Posts Tagged ‘Owen Maddock’

John Cooper (or is it Bill Aston?) prepares for his record breaking run aboard the streamlined Cooper MkV JAP at Montlhery in October 1951…

Cyril Kieft had a successful record breaking run at Montlhery in November 1950 with two of his F3 Kiefts. John and Charles Cooper felt that matters needed to be put right with their fierce F3 competitor, so in October 1951 John Cooper and Bill Aston took a specially streamlined Cooper T17 Mk V to France to chase international class I and J records.

John Cooper went out first, using a 350cc JAP engine he broke the Class J fifty, one hundred and two hundred kilometre and fifty and one hundred mile records- plus the hour record, at speeds of 90.62, 92.13, 91.98, 92.02, 91.80, and 90.27 mph respectively.

Bill Aston then used the same car with the 350cc JAP single replaced with a 500 cc JAP vee-twin and achieved the same records in Class I at speeds of 99.30, 99.59, 99.13, 99.16, 99.41 and 99.41 mph.

John Cooper, timekeeper M Adam, and Bill Aston at Montlhery on 9 October 1951 (Getty)

Cooper Streamliner Specifications…

Salient details of the car are detailed in this contemporary ‘The Autocar’ article published in September 1951.

Story of The Cooper Streamliners…

Are told in these two interesting articles, check them out;

http://www.ugofadini.com/cooperstory.html

http://www.ugofadini.com/cooperstory2.html

Bibliography…

‘Montlhery: The Story of The Paris Autodrome’ Bill Boddy

Tailpiece: Didn’t I ask you to move this bloody thing Owen?…

(Getty)

John Cooper, Charles Cooper and engineer/designer Owen Maddock, in the Cooper, Surbiton factory, photo 1953. John seems surprised to have ‘found’ the Mk V Streamliner!

Finito…

image

Mike Barney prepares Jack Brabham and Bruce McLaren’s Cooper T53 Climax’, French GP Reims, 3 July 1960…

That racing drivers shouldn’t have too much imagination is shown by this shot!

#16 is Brabham’s winning chassis, #18 McLaren’s third placed car. Olivier Gendebien was second and Henry Taylor fourth in T51’s making it a Cooper 1-4!

Yer ‘fancy-schmancy’ high tech relatively, I say it again, relatively safe 2017 carbon fibre GP machine is another world away, 55 years or so to be precise. Mind you, one would hope we would progress.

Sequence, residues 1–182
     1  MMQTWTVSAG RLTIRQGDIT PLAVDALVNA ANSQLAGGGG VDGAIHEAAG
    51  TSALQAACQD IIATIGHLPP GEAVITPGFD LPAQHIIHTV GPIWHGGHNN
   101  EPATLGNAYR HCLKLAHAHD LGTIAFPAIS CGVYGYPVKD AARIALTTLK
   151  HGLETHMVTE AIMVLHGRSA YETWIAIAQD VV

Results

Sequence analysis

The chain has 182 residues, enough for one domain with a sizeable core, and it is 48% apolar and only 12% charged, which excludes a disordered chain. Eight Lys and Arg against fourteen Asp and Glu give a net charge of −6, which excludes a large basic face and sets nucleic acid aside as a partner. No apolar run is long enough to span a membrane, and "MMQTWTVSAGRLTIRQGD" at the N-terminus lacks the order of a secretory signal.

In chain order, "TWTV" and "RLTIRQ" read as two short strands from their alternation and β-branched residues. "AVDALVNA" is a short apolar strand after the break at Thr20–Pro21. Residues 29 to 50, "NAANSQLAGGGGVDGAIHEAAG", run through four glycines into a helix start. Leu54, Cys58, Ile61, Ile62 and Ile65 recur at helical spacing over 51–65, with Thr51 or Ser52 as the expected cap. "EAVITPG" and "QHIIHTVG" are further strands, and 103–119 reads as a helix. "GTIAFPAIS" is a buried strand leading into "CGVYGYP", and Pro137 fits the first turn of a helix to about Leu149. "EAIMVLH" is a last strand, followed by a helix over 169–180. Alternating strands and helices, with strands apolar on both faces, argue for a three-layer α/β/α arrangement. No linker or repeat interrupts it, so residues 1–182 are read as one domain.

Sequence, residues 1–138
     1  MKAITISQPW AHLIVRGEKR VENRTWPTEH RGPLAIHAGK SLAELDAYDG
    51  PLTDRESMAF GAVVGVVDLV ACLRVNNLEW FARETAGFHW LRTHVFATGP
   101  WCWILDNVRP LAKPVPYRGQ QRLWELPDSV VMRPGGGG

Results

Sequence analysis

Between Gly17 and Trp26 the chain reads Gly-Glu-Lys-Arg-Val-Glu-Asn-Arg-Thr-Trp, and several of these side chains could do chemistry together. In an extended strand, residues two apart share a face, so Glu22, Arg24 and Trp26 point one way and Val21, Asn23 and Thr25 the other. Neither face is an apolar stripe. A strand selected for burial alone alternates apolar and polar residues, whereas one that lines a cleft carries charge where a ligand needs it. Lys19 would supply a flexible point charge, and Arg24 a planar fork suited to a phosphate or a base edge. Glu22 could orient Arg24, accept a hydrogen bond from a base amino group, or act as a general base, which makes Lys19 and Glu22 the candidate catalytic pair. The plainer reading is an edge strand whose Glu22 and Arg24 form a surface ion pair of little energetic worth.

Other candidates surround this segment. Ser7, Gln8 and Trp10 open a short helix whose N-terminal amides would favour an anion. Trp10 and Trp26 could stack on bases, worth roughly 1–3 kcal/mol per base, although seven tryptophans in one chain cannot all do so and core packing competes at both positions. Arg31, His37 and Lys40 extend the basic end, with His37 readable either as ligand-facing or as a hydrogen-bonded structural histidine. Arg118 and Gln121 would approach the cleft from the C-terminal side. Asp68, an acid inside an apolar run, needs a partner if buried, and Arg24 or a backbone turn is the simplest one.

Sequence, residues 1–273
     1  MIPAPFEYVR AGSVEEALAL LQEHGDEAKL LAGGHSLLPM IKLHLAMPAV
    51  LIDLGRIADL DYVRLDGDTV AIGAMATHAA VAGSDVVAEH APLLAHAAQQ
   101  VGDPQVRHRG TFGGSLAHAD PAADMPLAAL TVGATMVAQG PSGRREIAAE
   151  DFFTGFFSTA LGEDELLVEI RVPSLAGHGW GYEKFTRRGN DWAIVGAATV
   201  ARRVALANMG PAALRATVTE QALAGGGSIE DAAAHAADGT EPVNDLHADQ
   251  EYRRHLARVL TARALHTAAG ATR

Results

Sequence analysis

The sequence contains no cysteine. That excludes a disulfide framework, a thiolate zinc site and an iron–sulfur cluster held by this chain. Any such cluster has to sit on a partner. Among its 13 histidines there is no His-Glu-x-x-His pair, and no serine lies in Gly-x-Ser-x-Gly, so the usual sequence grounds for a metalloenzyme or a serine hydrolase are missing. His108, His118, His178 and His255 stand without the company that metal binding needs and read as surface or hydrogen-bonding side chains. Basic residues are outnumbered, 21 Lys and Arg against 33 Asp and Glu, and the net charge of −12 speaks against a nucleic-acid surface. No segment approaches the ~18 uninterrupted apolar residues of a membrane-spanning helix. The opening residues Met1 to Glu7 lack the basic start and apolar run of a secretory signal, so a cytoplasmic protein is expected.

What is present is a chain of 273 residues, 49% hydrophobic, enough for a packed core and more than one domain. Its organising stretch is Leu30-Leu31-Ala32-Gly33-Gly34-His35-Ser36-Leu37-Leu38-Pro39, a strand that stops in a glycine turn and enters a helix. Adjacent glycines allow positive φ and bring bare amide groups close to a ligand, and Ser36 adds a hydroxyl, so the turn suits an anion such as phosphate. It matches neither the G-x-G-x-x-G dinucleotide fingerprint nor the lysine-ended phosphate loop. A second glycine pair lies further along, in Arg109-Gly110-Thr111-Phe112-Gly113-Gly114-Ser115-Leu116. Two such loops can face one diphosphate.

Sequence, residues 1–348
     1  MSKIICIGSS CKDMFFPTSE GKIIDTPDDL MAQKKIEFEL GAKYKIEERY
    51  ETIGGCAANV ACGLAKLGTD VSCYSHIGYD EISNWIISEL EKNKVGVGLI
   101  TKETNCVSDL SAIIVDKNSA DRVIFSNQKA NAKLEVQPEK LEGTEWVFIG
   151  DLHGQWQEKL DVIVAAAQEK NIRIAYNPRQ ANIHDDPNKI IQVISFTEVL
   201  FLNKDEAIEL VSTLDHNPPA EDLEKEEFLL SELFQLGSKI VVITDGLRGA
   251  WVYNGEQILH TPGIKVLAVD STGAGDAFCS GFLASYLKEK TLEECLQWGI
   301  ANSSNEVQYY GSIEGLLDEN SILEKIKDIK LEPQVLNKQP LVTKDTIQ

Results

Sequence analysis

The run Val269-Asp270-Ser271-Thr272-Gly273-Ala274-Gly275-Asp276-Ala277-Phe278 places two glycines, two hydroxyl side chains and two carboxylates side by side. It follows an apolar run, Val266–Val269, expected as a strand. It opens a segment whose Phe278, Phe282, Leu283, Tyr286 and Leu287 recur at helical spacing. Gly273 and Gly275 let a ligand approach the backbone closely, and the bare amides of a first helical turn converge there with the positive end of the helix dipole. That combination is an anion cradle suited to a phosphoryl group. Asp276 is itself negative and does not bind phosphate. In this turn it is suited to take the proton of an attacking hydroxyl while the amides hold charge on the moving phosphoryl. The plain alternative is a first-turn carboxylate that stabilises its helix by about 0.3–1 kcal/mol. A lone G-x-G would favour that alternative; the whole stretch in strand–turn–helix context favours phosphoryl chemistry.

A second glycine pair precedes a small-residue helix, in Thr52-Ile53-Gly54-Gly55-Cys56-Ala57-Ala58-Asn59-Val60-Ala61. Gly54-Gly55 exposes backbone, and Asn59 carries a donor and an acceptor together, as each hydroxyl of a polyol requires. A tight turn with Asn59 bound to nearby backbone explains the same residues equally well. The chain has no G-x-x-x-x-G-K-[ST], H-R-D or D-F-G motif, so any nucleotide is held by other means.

Owen Maddock’s curvy spaceframe chassis is typical of the day, the spaceframe anyway if not the imperfect in an engineering sense bent tubes! At the front the water radiator and oil tank are the ‘deformable structures’ ahead of the drivers ankles and lower legs. The fuel tanks are neatly and very practically ‘bungee’ strapped to the chassis and prone to leakage as the ‘ally tanks chafe on the steel chassis tubes. The ‘deformable side structures’ are the tanks, no bag bladders in those days so the risk of fire was great, prevalent and occasionally fatal.

The 2.5 litre Coventry Climax FPF powered T53 ‘Lowline’ was the 1960 successor to the race-winning and built in vast numbers 1958/9 T51. That car in both F2 and F1 spec has to be one of the greatest customer racing cars ever? T53 was the design work of Jack, John Cooper and Maddock.  The Lotus 18, Chapmans first mid-engined car was the quickest bolide of 1960. Moss took wins in Rob Walker’s car at Monaco and in the season ending US GP at Riverside but it was not the most reliable, something Jack was happy to capitalise upon.

McLaren won the Argentinian GP at the seasons outset, then Jack had an amazing mid-season run winning the Dutch GP on 6 June and the Portuguese GP on 14 August. In between Zandvoort and Oporto he won the Belgian, French and British GP’s thereby setting up his and Cooper’s second world titles on the trot.

Its good to look at these cars in the ‘nuddy’ every now and again to remind oneself of just how close to the elements and how brave the drivers of yore were. Yep, the piloti are no more exposed than they had been in the past but the cornering speeds of a 1960 2.5 litre Cooper or Lotus were a good deal quicker than a 1954 2.5 litre Maser 250F, the road circuits in particular just as hazardous…

Cooper T53 Climax cutaway by Brian Hatton

Credits…

GP Library, Brian Hatton